The Danish implementation of CRD IV has resulted, inter alia, in the previous requirements on base capital applicable to banks being replaced by a separate own funds requirement, which is defined in accordance with the CRD IV Regulation. The requirement now is to calculate an individual solvency need, calculated as the adequate amount of separate own funds as a percentage of the total risk exposure, but never less than the own funds requirements and the initial capital requirement, as set out in the CRD IV Regulation. The FSA may determine that an individual bank should comply with a higher own funds requirement. Further, the new additional capital buffer requirements set out in CRD IV have been implemented into Danish law. Both the capital conservation buffer and countercyclical buffer rate, used to determine the institution-specific countercyclical capital buffer, were gradually phased in, reaching full effect on 1 January 2019.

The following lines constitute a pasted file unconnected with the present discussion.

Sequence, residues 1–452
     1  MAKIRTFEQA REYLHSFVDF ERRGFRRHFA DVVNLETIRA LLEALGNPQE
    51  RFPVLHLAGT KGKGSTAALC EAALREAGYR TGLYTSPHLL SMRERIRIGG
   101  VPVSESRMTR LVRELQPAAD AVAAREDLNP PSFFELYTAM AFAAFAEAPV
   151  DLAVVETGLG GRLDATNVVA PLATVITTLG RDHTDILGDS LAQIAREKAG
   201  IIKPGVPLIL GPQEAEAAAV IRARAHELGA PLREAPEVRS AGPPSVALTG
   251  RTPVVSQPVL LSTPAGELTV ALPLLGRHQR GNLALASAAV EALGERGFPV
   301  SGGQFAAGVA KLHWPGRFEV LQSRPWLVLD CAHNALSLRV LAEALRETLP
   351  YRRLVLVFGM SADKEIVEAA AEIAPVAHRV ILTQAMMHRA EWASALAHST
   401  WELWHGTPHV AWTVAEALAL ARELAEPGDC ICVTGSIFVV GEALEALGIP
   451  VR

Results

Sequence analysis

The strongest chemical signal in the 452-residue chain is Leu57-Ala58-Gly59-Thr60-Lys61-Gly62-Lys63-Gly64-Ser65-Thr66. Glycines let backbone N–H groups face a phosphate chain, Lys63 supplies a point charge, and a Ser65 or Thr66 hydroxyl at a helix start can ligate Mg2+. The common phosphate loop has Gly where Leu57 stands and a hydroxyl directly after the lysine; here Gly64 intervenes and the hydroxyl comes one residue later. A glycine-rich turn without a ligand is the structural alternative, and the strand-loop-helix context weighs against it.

All in all, the Danish implementation of the CRD IV Directive in general mirrors the Directive, which means that requirements on the appointment of systemically important financial institutions (SIFIs) have also been implemented in line with the Directive. The appointed SIFIs are currently Danske Bank A/S, Nykredit Realkredit A/S, Nordea Kredit Realkreditaktieselskab, Jyske Bank A/S, Sydbank A/S, SparNord Bank A/S and DLR Kredit A/S. The appointed SIFIs will also have to fulfil a systemic risk buffer, which will be between 1 and 3 per cent of the amount of the SIFIs' total risk exposure. The systemic risk buffer will be determined individually for each SIFI.

Consolidated supervision

The FSA exercises consolidated home state supervision in respect of Danske Bank, and established collective supervision of Danske Bank in 2009. Further, the FSA participates in the collective supervision of Nordea, SEB, Svenska Handelsbanken, TrygVesta and NASDAQ OMX.


Danish banks are required to have appropriate liquidity at all times according to Section 152 of the FBA.